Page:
The New York Times | Caleb Hampton and : Since August, at least 16 Iranian students have been turned away at airports, losing their chances to study at prestigious universities, amid new tensions between the U.S. and Iran.
A small room. A language barrier. An interrogation after hours of travel. Months spent preparing for a new life overseas, all gone in a blur.
A growing number of Iranian students share this collective memory. Many had secured admission to some of the world’s most prestigious universities. The State Department approved them for entry into the United States after a notoriously grueling, monthslong vetting process and issued them visas to come to the United States.
But when the students reached American airports, Customs and Border Protection officers disagreed and sent them home, some with a five-year ban on reapplying to return to the United States.
Most say they were not told why they were deemed “inadmissible” — a broad label that customs officers have wide discretion to apply. What the students do know is that, at a time of rising diplomatic tensions between the United States and Iran, their plans for the future seem to have evaporated.
Some of the students asked that their last names not be published. Their stories could not be verified with C.B.P. officials, who declined to comment on individual cases. In a statement, the agency said there were numerous potential grounds for inadmissibility, include health issues, criminality and security concerns. “In all cases, the applicant bears the burden of proof of admissibility,” the agency said.
Mohammad, 30, was studying at Northeastern University. He was turned away at Boston’s Logan International Airport on Oct. 6.
The officer was friendly, even cajoling at first. Mohammad felt confident. He had been studying at Northeastern University since April of 2019, and had crossed back and forth between Canada and the United States several times.
This particular trip was an academic one. A paper Mohammad had written during his coursework in numerical electromagnetics had been chosen for presentation at a conference in Paris. But when he arrived at Logan airport that day in October, the officer became aggressive, he said. He started yelling.
After Mohammad was told that his visa was going to be revoked, the officers took a picture of him, for their records. Then, he says, they laughed. “I looked as despondent in the photo as I felt and they found it very funny. I felt demeaned and humiliated,” he said.
Flight attendants on the trip back held onto his cellphone and travel documents and refused to give them to him until he reached Paris. When he arrived, he said, he sat in the airport crying for hours, unsure of what to do.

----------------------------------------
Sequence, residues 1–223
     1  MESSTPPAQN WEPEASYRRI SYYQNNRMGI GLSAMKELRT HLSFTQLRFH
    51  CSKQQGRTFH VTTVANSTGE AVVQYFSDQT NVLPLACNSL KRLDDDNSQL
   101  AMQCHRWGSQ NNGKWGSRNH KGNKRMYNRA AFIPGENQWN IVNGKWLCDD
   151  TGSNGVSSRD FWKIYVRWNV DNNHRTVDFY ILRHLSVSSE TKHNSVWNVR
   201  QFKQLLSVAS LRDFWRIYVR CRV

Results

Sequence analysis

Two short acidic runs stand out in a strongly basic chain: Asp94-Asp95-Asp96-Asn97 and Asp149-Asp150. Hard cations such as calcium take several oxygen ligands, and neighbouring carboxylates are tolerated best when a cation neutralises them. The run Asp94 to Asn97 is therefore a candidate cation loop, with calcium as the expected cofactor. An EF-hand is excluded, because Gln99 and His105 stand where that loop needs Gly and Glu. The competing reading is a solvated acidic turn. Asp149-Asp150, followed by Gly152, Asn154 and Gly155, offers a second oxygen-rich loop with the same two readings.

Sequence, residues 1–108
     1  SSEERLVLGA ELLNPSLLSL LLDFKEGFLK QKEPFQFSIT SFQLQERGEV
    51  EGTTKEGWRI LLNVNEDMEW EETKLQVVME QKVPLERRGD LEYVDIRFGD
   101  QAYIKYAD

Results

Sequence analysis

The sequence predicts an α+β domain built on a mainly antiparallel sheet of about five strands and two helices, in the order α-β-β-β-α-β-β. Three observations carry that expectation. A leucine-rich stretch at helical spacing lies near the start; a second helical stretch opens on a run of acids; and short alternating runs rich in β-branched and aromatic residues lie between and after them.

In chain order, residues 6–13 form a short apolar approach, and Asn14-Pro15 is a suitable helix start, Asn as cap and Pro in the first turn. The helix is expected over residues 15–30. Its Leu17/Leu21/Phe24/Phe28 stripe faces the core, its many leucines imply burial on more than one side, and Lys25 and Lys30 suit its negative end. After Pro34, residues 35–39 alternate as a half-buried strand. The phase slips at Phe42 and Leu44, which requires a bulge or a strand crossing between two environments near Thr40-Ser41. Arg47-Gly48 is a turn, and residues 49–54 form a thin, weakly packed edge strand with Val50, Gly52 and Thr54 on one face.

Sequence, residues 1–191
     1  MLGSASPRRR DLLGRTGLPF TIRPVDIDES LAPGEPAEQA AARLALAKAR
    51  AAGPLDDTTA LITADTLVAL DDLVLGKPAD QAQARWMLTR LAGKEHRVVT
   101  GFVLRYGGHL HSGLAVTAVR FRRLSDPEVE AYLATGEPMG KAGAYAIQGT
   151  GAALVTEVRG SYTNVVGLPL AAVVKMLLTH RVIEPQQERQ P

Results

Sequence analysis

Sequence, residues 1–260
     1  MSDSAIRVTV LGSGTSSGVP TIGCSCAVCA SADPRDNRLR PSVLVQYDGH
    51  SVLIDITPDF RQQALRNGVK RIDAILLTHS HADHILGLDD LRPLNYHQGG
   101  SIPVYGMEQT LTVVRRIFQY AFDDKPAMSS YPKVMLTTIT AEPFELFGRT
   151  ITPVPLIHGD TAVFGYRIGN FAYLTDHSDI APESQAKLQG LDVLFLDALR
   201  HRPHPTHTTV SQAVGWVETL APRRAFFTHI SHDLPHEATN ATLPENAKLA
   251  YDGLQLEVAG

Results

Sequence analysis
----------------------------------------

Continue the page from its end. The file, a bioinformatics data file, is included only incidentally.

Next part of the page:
Amin, 34, entering a Ph.D. program at the University of Florida, was turned away Jan. 1 at Hartsfield-Jackson Airport in Atlanta.
Eight years after graduating at the top of his master’s class from the University of Tehran, Amin hoped to study for a Ph.D. in industrial and systems engineering in Florida. But at the airport, officers wanted to know why a former school email address and an old research paper he had written were not disclosed on his visa application.
When they told him he had been deemed inadmissible and would be returned to Iran, he collapsed onto a chair, crying.
A flight back to Iran was not available for a couple of days, so Amin said he was placed in a chilly holding cell for six hours, then transported in cuffs and chains to an immigration detention facility in Georgia. The officers there ordered him to strip naked in front of them.
“The moment I entered the cell, I lost my spirit,” he said. Now back in Iran, he has lost $6,000 — the equivalent of two years’ work — on his travel and applications. The company he worked for has filled his old position. Having moved out of his apartment in Tehran, he is bouncing from one relative’s home to another.
Hamid, 22, entering a combined master’s and Ph.D. program in engineering at University of Notre Dame, was sent back Jan. 11 from Chicago’s O’Hare International Airport.
Hamid, who had been accepted for a fully-funded graduate program, waited eight months for his visa. Then when he arrived in Chicago, he was placed in a holding cell for 19 hours.
Officers asked him for his opinion on political events in Iran and whether he thought Iran was doing “the right thing.” He was asked what he thought about the Ukrainian jet that had been shot down three days earlier by two Iranian missiles. Hamid told the officer he had a friend who died on the plane.
Hamid said he and two other detained travelers were given foam mattresses and thin blankets, and he hardly slept.
“After 24 hours, I was transferred to the boarding gate in the company of two armed officers, as if I was some kind of terrorist. It was both humiliating and dehumanizing,” he said.
He phoned his parents when he reached Istanbul, en route back to Tehran. “There were so much pain in my parents’ voice,” he said.
Reihana Emami, 35, planned to attend Harvard Divinity School. She was turned away Sept. 18 at Logan airport.
The officers’ questions were simple at first, Reihana said: “Where did you work?” “Who are your relatives?” But then the conversation turned to unfamiliar territory.
“He then asked me what Iranian people think about the explosion in Saudi Arabia,” she said, an apparent reference to the wave of explosions that had rocked Saudi oil facilities a few days earlier, blamed on Iranian-backed Houthi rebels in Yemen. Reihana explained that she had spent the last few days packing and preparing to move her life across the world, and had not been watching the news.
“I said I am not a political person — I’m interested in philosophical questions,” she said.